It appears that vinegar actually increases the insulin action in our muscles. 11 subjects with type two diabetes were given either vinegar or a placebo before a meal, and their blood glucose, insulin, triglycerides, nonesterified fatty acids (NEFA), and glycerol were measured for the next 300 minutes. Researchers observed increased glucose uptake in the forearm muscles, as well as decreased levels of blood sugar, insulin, and triglycerides.
The same effect was noticed in another study of eight subjects with insulin resistance. Those who were given vinegar with meals as opposed to placebo had better blood flow to their muscles, as well as improved glucose uptake.
This may not sound like much, but this is a big deal. For those with type two diabetes, blood flow to skeletal muscle after eating is impaired, along with poor glucose uptake and decreased fat metabolism.
So we get fat burning, fewer crashes, and our muscles will resupply glycogen better and have better blood flow? Count me in!
How to Add Vinegar to Your Diet for Weight Loss
I’m not going to focus on apple cider vinegar, as the acetic acid in vinegar appears to be the component that gives us health benefits. Therefore, any vinegar meant for consumption should provide the same benefits.
According to the research (8, 9), 2 tablespoons a day should do the trick and is well within the realm of safe consumption.
Because vinegar lowers your insulin response, delays gastric emptying (the rate at which food leaves your stomach), and helps you feel fuller for longer, split your 2 tablespoons throughout the day, preferably with meals.
If you’re eating breakfast, lunch, and dinner, that’s three meals divided by two tablespoons. So roughly two teaspoons at each meal.
Do I Just Drink It?
Please avoid drinking apple cider vinegar, or any vinegar for that matter. That’s bad for the enamel on your teeth, can cause uncontrollable hiccups, and can damage your esophagus. Plus, it tastes horrible by itself!
Instead, try these tips:
- Dip your bread in balsamic vinegar. There’s a vegan restaurant near my house and they serve fresh-baked bread with rosemary-infused extra virgin olive oil and balsamic vinegar. It’s ridiculously good.
- Add balsamic vinegar to cooked vegetables. Asparagus, Brussels sprouts, broccoli, any dark green leafies are amazing with some balsamic drizzled on them.
- Make a homemade oil and vinegar salad dressing. The best ratio for an oil and vinegar dressing is 3:1 (3 parts oil to 1 part vinegar). Here’s a bit more explanation and an awesome recipe for oil and vinegar dressing that I love.
- Make an apple cider vinegar (ACV) spritzer. Here’s what I do: fill a large cup with ice cubes, add 1 tablespoon ACV, 1/4 cup pomegranate juice (POM Juice), and fill the glass the rest of the way with seltzer water. My kids call this Vinegar Drink, and they love it (of course, I barely put any vinegar in it if they are going to have some). Play around with the measurements to find a version you like.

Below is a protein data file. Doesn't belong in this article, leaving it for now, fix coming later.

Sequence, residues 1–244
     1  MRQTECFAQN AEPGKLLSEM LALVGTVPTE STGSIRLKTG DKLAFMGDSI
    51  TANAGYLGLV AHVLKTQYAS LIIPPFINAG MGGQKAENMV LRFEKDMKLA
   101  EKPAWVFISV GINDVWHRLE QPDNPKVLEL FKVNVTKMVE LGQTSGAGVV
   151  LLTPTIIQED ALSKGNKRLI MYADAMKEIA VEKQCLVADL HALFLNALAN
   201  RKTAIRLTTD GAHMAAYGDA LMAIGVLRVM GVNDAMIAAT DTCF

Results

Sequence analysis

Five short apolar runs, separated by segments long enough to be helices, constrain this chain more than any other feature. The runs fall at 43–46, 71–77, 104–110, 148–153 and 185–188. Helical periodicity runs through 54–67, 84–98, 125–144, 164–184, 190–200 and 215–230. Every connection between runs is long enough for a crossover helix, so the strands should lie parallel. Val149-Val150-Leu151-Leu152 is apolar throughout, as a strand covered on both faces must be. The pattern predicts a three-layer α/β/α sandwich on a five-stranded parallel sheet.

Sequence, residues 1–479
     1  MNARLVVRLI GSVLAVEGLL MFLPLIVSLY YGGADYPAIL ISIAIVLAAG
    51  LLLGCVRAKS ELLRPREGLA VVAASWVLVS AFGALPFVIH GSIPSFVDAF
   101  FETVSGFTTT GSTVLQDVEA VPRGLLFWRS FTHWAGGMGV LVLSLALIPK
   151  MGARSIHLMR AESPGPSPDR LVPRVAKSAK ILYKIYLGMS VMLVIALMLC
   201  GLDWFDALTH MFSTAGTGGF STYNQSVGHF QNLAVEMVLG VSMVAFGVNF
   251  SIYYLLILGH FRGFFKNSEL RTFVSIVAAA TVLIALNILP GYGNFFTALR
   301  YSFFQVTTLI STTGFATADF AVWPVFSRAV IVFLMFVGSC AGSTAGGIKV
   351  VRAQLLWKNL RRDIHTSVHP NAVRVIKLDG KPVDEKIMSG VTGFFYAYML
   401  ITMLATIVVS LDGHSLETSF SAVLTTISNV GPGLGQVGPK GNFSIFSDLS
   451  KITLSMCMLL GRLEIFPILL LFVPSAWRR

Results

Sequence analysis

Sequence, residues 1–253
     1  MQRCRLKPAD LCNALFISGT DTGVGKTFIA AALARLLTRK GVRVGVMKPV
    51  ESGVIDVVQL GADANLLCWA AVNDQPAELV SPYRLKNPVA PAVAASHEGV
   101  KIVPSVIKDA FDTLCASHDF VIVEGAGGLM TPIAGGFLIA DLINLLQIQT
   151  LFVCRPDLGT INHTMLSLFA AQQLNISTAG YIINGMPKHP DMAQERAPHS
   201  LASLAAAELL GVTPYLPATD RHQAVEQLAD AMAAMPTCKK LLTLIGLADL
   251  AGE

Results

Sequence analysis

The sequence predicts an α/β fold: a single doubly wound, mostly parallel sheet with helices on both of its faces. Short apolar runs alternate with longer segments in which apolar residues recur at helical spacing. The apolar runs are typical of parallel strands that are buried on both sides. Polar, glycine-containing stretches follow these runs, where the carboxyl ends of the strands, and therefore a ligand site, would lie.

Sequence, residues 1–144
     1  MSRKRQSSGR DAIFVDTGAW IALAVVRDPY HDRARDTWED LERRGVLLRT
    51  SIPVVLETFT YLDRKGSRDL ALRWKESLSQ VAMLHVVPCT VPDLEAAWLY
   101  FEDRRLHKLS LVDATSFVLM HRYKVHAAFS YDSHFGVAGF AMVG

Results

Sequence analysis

- Add balsamic vinegar to any grain you’re having with your meal. Tastes really good on white rice!
Try out some different kinds of vinegar (parsimony vinegar, pomegranate vinegar, etc.) and see if there are some you like. Add them to water, make a spritzer, or dip bread in them.
Vinegar Isn’t a Magic Bullet
Vinegar by itself isn’t going to be the magic bullet that helps you realize your goals. But it can help. Before you head out to pick up some ACV or balsamic, take a look at the rest of your weight loss or muscle gain habits. Always start with the basics.
- Eat a mostly whole-food, vegan diet
- Know how many calories you need to eat and do your best to hit your mark
- Don’t skimp on carb, fat, or protein. You need them all!
- Drink plenty of water
- Move! Every day you should be getting in movement. If you don’t hit the gym, go for a walk after dinner. Just get something in.
There is no one thing that’s going to get you to your goals. A combination of the above, along with consistent effort over a long period of time is what is going to get you where you want to be. Losing weight or gaining muscle takes time and effort. Simple as that.
But it’s nice to know that there are some little tweaks you can make to help keep your efforts on track. Add in the vinegar and see how it goes.
Let me know if you give this a shot and how it goes. Got any great vinegar recipes? Please add them to the comments! I’d love to try them out! Need help? check out my Nutrition Counseling Services and let’s work together. I’d love to help you reach your goals.
Plant-Based, Plant Built